go to: previous page [page 1 (1-7)] [page 2 (8-18)] page 3 (19-26)
[page 4 (27-33)] [page 5 (34-35)] [page 6 (36-42)] next page

-- 19 --

From: Juan
To: Gershon
Date: September 14

How are you, dearest Gershon?

Why was it necessary for me to disconnect a bit from our dialogue, you might ask?

You must understand that after the fluent exchange of ideas between us, a major chaos developed in my head. My doubts regarding why she and I should not be together found their religious as well as logical answer to some degree. My doubts regarding her parents were cleared up, thanks to your words. I agree with you, they do not know how to defend their position. The proper way to deal with this is not the way they are going about it, pretending to ignore my existence. It is quite to the contrary.

Understand this: we have been together for over a year. I love her (more than we can imagine) and she loves me (more than we can possibly imagine). You must realize that in a society such as the one we live in these days, being together leads us to believe that we are fighting for true love, etc., etc. ... To give that up would mean unacceptable failure.

Let's re-capsulate. I am very much in love with her, as much as she is with me and neither of us doubts this. I have had other partners before — as did she — and we have never felt as happy with someone as we do now. The ingredients that contribute to the success of the relationship are: clearly established limits between her daily life and mine. The fact that she has a circle of friends which is totally different than mine helps to prevent intrusion into one another's space. I have never in my life come across such a beautiful and intelligent woman. For me this is the best "game" of my life.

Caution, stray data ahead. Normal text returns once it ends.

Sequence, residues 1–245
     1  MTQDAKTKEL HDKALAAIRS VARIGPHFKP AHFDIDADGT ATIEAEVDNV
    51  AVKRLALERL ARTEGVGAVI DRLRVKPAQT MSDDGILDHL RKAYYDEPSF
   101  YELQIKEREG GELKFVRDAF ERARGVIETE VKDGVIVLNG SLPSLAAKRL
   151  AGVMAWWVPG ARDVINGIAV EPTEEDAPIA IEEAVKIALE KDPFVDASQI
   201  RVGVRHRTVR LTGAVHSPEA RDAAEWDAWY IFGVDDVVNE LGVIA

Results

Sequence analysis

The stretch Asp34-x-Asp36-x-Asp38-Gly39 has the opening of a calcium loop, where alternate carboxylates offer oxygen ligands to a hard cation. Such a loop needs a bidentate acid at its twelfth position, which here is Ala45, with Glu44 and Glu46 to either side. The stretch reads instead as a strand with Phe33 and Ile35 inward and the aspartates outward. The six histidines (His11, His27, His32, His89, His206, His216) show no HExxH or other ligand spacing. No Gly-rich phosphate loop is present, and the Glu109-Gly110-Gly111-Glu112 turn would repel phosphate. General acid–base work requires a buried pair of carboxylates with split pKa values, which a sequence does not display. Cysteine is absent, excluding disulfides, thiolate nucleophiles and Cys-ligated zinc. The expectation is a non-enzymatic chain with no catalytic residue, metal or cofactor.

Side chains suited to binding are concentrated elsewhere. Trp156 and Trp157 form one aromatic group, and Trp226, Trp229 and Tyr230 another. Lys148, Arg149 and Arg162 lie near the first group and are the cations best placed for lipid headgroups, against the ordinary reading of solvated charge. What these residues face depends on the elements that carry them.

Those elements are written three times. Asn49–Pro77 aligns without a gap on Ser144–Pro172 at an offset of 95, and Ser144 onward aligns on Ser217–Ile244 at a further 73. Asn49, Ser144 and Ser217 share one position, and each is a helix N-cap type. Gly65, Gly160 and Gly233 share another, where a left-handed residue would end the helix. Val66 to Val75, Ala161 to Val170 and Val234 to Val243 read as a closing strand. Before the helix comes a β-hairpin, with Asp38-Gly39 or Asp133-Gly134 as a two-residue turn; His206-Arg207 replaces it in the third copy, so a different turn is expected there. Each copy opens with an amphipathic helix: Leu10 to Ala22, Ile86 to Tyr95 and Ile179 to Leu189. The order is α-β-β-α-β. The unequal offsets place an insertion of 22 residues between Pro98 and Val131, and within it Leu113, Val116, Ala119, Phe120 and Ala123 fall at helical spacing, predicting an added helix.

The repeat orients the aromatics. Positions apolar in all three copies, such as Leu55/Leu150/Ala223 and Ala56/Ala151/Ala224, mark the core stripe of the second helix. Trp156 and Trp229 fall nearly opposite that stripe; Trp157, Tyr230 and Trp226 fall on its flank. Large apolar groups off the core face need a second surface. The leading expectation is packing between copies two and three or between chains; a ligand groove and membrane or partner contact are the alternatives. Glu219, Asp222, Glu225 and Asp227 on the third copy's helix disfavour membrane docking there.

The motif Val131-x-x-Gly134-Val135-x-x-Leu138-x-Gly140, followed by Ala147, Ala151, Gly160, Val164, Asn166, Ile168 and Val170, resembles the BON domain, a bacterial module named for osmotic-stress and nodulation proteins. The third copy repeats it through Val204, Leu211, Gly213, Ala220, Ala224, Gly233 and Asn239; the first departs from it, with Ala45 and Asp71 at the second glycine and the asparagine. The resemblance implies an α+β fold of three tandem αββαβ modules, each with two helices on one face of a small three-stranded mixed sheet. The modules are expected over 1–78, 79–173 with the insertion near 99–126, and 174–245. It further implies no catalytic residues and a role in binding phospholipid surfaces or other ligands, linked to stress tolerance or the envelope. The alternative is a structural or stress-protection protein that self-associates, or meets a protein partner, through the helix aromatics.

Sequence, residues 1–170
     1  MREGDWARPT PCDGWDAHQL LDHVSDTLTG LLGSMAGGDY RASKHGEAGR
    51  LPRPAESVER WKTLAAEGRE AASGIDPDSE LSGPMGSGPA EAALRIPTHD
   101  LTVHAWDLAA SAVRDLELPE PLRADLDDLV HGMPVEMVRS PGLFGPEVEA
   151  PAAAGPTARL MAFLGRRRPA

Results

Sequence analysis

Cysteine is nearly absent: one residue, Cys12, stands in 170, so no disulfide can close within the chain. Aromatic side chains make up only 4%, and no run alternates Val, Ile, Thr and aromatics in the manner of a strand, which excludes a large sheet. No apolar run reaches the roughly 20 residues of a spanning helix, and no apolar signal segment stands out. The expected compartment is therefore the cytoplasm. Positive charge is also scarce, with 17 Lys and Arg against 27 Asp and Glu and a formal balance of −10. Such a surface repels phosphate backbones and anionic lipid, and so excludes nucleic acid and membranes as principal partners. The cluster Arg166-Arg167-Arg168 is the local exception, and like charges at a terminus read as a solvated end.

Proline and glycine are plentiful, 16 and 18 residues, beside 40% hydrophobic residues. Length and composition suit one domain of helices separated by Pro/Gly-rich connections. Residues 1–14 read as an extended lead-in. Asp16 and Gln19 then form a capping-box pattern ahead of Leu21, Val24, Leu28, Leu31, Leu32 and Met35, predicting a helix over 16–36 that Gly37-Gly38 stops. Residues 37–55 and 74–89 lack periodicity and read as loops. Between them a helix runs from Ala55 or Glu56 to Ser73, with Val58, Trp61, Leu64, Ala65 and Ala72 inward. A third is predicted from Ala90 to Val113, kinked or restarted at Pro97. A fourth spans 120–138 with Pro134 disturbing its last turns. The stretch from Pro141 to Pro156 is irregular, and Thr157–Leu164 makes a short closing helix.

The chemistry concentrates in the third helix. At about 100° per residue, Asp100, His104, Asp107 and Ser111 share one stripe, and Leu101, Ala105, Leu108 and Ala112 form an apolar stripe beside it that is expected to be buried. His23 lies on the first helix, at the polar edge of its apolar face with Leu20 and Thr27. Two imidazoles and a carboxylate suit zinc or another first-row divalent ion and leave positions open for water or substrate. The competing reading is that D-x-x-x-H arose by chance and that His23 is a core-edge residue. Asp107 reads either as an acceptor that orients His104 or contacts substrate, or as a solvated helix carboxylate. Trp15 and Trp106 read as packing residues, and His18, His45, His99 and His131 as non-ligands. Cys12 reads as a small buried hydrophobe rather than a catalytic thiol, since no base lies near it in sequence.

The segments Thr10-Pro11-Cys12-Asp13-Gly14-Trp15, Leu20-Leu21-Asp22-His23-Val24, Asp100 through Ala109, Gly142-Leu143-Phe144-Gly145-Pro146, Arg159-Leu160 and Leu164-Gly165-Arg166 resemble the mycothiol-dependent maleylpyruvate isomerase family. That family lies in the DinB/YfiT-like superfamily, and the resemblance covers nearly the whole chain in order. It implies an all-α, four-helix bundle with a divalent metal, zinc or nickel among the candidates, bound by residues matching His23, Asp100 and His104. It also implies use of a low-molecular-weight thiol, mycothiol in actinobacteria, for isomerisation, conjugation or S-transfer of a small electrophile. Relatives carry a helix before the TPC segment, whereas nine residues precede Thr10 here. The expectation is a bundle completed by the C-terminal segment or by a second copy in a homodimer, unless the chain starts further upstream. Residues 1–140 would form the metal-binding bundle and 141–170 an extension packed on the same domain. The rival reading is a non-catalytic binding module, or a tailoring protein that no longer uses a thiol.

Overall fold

Alright. What then was the reason for my silence? What happened was that I was convinced that we should not be together to the extent that I dropped her without caring about what she thought. Result: constant, uninterrupted suffering for both of us. Confused, I decided to backtrack. We were back together shortly after.

Then, (a little because of her demands) I interrupted my dialogue with you which had filled my head with ideas that led to the right path, but one that she was not ready to tolerate for the time being.

Understand, then, that for the time being we are continuing together and if it were up to me, I would like it to be forever. If I would have to sign something that would commit me to it, I would do so immediately.

My friends tell me: "Drop her... but don't be upset tomorrow when you see her with another non-Jew..." And if that should happen? If I am convinced that Jews and Christians should not be together, but she does not think so? What benefit was there for me to have things so clear?

Another issue that hurts me very much (an issue that somehow you always avoid...) is regarding her parents and their attitude towards me.

I know that your answer has always been that you cannot speak for them. The only thing that I would like to know is what do you think about their attitude. What attitude am I referring to? Well, it's over a year that their daughter loves someone who sees her every day, shares a great amount of time and more... Nevertheless, they do not show any interest in meeting me. During all this time that we have been together, I have been in her house only once. I went into the living room and I knew that the mother was in the house but did not come out to say hello. While my girlfriend was changing in her room, I waited in the living room crying because of the mother's indifference, knowing that her daughter's boyfriend was in the living room but did not merit her greeting. After a while, when there was no alternative, because she was leaving, her mother passed by near me and said "Hi, Juan", and turning her back to me, she left.

When someone asks the mother if her daughter has a boyfriend, what does she answer? Yes, but I don't know him, because I don't want him coming to my home, because he is a goy.

I would like you to tell me what would be the correct approach for the parents to take, in order to reclaim their daughter, if necessary.

Last week, Paulina came to my home, and, as usual, burst out crying. She said that she cannot tolerate her mother's aggressions any longer. She is an excellent student. She has just graduated as an architect. She is responsible, super intelligent and an excellent person. But she wakes up in the morning and goes to sleep at night hearing her mother say that she is destroying the family and that she is the cause of her parents' suffering and that her grandparents are going to die because of her and her goy boyfriend. Is this fair?